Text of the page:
2019 Privacy Class Actions Update: Why did Casino Rama fail and Bell Mobility succeed?

  • May 31, 2019
  • Avi Sharabi

Why did the Ontario Superior Court of Justice refuse to certify the Casino Rama privacy breach class action, but then certified the Bell Mobility class action less than a week later? This piece briefly explores that question. I write ‘briefly’ because there are a myriad of issues involved when certifying class proceedings. However, I am going to limit this piece to a comparison of one of the main reasons why I think one privacy breach class action failed and one succeeded (at least at the certification stage).

I want to start by summarizing the Casino Rama class action. In November 2016, a hacker accessed Casino Rama’s computer systems and stole personal information of customers, employees and suppliers. The hacker’s ransom demands were not met, so the hacker posted stolen data of over 10,000 individuals online. Casino Rama contacted appropriate authorities, took steps to shut down the websites that contained the stolen information, notified the individuals affected by the breach, and offered many of them free credit monitoring services for one year. The Information and Privacy Commissioner found that Casino Rama did not have reasonable security measures in place at the time, but has since taken steps to address those gaps. There was no evidence that anyone actually experienced fraud or identity theft as a result of the breach. A class action was filed shortly after the breach. On May 7, 2019, the Ontario Superior Court denied certification of the class action. The primary reason being that the court did not believe that there were common issues for each class member. The court was of the view that common issues proposed required too much of an individualized assessment.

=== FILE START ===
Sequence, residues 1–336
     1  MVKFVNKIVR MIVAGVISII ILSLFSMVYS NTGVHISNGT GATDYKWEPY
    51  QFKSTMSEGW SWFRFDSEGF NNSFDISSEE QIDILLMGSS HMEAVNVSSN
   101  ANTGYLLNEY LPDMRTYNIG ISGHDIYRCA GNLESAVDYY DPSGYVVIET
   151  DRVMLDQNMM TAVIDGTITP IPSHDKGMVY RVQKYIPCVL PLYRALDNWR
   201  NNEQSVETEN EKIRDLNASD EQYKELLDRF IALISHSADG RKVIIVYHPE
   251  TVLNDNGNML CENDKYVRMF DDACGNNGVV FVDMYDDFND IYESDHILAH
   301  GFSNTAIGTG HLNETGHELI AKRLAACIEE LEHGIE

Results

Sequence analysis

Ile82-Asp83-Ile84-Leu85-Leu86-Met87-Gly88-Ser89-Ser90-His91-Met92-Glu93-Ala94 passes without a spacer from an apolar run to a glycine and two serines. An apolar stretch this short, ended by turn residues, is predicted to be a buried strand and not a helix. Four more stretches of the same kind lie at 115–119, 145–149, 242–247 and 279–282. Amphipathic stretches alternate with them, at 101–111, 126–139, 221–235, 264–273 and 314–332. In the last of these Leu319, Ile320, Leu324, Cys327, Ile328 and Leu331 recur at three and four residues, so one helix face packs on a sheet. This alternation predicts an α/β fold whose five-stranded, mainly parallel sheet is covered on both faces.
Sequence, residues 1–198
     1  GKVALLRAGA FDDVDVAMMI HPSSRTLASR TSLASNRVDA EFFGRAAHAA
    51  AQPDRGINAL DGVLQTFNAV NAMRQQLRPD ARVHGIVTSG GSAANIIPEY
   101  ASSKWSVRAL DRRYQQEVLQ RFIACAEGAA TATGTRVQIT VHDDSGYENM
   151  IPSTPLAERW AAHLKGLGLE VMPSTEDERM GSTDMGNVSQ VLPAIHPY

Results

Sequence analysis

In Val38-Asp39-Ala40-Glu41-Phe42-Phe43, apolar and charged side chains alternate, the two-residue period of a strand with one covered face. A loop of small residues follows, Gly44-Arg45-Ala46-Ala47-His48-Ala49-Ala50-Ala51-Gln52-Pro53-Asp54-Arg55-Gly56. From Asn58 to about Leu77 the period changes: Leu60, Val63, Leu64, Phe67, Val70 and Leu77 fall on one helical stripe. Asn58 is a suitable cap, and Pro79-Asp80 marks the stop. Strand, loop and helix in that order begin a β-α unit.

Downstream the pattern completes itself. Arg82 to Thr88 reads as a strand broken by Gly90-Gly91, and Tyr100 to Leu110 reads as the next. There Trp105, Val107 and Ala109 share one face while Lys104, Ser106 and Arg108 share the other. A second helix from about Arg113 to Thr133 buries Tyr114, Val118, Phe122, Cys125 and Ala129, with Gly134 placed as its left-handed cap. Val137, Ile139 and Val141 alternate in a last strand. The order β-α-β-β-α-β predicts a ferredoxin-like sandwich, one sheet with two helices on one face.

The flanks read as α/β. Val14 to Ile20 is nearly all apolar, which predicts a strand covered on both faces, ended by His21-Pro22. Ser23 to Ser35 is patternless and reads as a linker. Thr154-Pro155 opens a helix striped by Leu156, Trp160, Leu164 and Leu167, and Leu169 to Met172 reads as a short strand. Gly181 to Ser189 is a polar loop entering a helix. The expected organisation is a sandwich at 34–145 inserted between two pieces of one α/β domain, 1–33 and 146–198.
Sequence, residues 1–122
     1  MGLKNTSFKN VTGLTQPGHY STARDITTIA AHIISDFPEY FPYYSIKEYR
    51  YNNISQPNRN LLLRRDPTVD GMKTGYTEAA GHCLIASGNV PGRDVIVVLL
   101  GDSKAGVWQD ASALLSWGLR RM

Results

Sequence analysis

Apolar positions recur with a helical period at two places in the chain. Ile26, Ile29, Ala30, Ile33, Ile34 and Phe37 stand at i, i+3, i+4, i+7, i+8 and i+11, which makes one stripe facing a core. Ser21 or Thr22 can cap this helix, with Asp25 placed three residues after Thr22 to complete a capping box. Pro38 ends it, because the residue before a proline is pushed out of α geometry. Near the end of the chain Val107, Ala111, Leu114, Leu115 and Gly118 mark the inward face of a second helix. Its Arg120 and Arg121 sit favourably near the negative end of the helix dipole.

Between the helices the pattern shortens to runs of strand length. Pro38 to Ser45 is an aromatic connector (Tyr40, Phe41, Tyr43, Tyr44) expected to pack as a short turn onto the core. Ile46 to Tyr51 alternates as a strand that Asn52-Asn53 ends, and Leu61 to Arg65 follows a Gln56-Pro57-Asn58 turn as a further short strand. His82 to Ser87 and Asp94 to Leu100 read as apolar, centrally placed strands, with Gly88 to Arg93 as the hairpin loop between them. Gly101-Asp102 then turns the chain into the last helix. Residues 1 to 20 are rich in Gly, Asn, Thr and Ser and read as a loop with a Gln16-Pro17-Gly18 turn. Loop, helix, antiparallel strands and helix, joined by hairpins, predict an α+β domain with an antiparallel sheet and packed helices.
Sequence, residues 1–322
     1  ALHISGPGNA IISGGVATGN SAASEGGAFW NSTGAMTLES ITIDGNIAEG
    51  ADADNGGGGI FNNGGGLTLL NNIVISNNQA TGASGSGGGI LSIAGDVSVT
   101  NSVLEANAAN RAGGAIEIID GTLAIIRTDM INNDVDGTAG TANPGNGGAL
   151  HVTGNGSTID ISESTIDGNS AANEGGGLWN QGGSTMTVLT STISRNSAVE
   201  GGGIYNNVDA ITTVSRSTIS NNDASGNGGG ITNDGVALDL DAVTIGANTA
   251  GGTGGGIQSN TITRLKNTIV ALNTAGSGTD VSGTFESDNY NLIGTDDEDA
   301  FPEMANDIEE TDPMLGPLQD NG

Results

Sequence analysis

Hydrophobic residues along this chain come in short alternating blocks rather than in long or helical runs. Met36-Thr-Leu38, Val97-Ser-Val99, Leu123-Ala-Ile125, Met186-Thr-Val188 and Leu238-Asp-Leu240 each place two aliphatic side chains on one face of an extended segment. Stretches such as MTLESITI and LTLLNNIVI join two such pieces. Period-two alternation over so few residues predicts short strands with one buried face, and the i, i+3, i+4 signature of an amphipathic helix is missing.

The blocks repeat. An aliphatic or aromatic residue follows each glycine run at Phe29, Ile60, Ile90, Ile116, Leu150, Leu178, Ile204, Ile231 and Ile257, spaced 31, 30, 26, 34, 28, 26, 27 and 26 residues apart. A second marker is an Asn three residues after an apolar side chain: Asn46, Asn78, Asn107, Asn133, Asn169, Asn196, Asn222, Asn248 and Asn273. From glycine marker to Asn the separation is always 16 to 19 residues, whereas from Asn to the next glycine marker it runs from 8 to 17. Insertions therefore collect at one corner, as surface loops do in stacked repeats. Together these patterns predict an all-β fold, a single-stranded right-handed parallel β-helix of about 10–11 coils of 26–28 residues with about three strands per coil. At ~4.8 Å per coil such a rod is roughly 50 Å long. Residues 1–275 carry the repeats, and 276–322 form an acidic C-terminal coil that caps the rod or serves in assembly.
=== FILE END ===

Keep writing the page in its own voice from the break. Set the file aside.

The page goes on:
On the other hand, the court (a different judge, albeit) certified the class action against Bell Mobility on May 13, 2019. This class action alleges that Bell breached the privacy rights of the class members by using their personal information for marketing purposes without their consent. The class members are Bell Mobility’s data customers. The impugned program at issue is Bell’s marketing initiative entitled the Relevant Advertising Program (RAP). The class was based on the Office of the Privacy Commissioner’s (OPC) findings that RAP had violated Bell’s customer’s privacy. RAP tracked Bell customer’s online activities and provided that information to third-party advertisers. RAP was discontinued in 2015 and Bell says that it was never launched. The OPC found that Bell had not obtained its customer’s consent, and should have established an opt-in procedure for doing so. Unlike the Casino Rama case, the court in Bell Mobility found, among other reasons, that there was sufficient commonality in the liability issues relating to the class to justify certifying the class action.

There are a number of reasons why the Casino Rama class action was not certified. There are also a number of reasons why the Bell Mobility class action was. If I may, I would like to point out one salient distinction between the two cases that I have observed.